If you’re feeling tired most of the time, you’re not alone. We live in a 24/7 world of information overload. It overwhelms our senses and contributes to exhaustion.
So it’s not surprising that we live in a sleep-deprived society. But the consequences of that are shocking. Matthew Walker, PhD, says regularly sleeping less than six or seven hours a night is devastating to our health. He should know. He’s a professor of neuroscience and psychology at UC Berkeley and the Director of its Center for Human Sleep Science.
Walker shares the latest research on sleep in his New York Times best-selling book Why We Sleep: Unlocking the Power of Sleep and Dreams. He details frightening examples of what happens to our bodies and brains when we don’t get enough sleep. His key findings are highlighted in his April 2019 TED Talk: Sleep is Your Superpower.
Basically he says that a lack of sleep weakens our immune system, more than doubling our risk of cancer. It’s a key factor in determining if we will develop Alzheimer’s disease. It disrupts blood sugar levels so much that it leads to a pre-diabetic condition. Short sleeping also sets us on a path toward heart disease and/or heart attack and stroke. It’s a proven recipe for weight gain and obesity. And it contributes to all major psychiatric conditions such as depression and anxiety.
Walker concludes that the less we sleep, the shorter our life. And he shares 12 tips for healthy sleep from the National Institutes of Health:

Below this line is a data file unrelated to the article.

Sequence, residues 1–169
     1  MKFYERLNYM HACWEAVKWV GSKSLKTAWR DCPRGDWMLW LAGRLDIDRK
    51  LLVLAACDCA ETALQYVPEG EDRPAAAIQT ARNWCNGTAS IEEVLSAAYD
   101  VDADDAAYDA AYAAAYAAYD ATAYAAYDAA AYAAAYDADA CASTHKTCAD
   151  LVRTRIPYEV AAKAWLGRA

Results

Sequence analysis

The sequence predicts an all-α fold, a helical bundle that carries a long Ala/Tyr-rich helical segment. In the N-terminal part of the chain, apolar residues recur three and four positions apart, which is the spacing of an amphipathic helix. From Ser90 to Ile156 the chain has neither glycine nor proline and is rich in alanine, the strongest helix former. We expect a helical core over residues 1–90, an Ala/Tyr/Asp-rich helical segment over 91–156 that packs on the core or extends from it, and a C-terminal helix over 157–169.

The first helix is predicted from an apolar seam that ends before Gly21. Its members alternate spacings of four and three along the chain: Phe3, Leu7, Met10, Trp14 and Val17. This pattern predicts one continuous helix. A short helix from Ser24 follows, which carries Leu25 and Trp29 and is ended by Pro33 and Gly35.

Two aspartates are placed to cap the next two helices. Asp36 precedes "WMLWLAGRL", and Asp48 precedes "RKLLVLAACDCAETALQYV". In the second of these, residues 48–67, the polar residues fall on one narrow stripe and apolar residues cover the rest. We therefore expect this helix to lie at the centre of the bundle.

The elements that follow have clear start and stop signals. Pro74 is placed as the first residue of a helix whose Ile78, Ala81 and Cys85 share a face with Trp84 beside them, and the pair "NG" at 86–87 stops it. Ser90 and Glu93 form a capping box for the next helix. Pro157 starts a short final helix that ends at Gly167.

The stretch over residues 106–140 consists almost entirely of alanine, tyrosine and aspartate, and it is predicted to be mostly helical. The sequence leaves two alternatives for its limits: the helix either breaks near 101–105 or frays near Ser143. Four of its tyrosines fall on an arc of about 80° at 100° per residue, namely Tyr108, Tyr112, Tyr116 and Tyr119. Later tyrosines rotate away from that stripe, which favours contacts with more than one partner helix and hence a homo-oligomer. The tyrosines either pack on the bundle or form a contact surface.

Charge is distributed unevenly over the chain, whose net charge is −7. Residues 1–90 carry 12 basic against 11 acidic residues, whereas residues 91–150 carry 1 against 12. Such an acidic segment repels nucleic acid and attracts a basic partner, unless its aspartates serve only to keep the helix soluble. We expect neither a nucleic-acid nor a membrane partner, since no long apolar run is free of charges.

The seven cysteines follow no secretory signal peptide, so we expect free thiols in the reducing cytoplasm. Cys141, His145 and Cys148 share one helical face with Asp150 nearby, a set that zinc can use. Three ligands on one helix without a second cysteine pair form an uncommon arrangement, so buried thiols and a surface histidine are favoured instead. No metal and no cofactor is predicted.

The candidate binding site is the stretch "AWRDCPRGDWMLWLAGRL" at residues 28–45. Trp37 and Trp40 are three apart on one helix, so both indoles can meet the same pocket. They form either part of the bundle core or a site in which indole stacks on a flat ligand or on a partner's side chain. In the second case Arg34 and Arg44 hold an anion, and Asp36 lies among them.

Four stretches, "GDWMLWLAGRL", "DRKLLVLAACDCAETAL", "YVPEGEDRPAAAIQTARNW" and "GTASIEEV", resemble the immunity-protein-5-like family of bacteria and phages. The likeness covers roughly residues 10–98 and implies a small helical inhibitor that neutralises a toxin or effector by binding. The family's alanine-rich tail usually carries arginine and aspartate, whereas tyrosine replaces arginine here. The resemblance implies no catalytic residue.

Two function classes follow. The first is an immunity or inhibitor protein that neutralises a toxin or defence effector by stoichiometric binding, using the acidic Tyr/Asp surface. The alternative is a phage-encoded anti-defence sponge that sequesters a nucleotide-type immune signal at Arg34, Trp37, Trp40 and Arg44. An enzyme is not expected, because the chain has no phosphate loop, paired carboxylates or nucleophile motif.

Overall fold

- Stick to a sleep schedule. Go to bed and wake up the same time every day.
- Exercise at least 30 minutes on most days. But don’t do so two to three hours before bedtime.
- Avoid caffeine and nicotine. These stimulants disrupt healthy sleep.
- Avoid alcoholic drinks before bed. We may think a nightcap helps us relax for sleep. But heavy use keeps us in a light sleep and robs us of the very important and deeper REM or dream sleep.
- Avoid large meals and beverages late at night. The resulting indigestion interferes with sleep.
- If possible, avoid medicines that delay or disrupt sleep. Some commonly prescribed heart, blood pressure, and asthma medications disrupt sleep. So do some over-the-counter and herbal remedies for coughs, colds, or allergies. We should ask our doctor or pharmacist if we can take them at other times of the day or early evening.
- Don’t take naps after 3 p.m. Late afternoon naps can make it harder to fall asleep at night.
- Relax before bed. Unwind with something relaxing like reading or listening to music. Have a bedtime routine that’s calming.
- Take a hot bath before bed. The drop in our body temperature after a bath may help us feel sleepy. And the bath can help us to slow down and get ready for sleep.
- Make sure the bedroom is dark, cool, and gadget-free. We sleep better in a cool, dark environment without TVs, cell phones or computers.
- Have the right sunlight exposure. Try to spend at least 30 minutes each day in natural sunlight, since daylight is key to regulating sleep. Wake up with the sun or use very bright lights in the morning. Turn down the lights before bedtime.
- Don’t lie in bed awake. If we’re still awake after being in bed for more than 20 minutes or if we’re feeling anxious or worried, we should get out of bed and do a relaxing activity until we feel sleepy.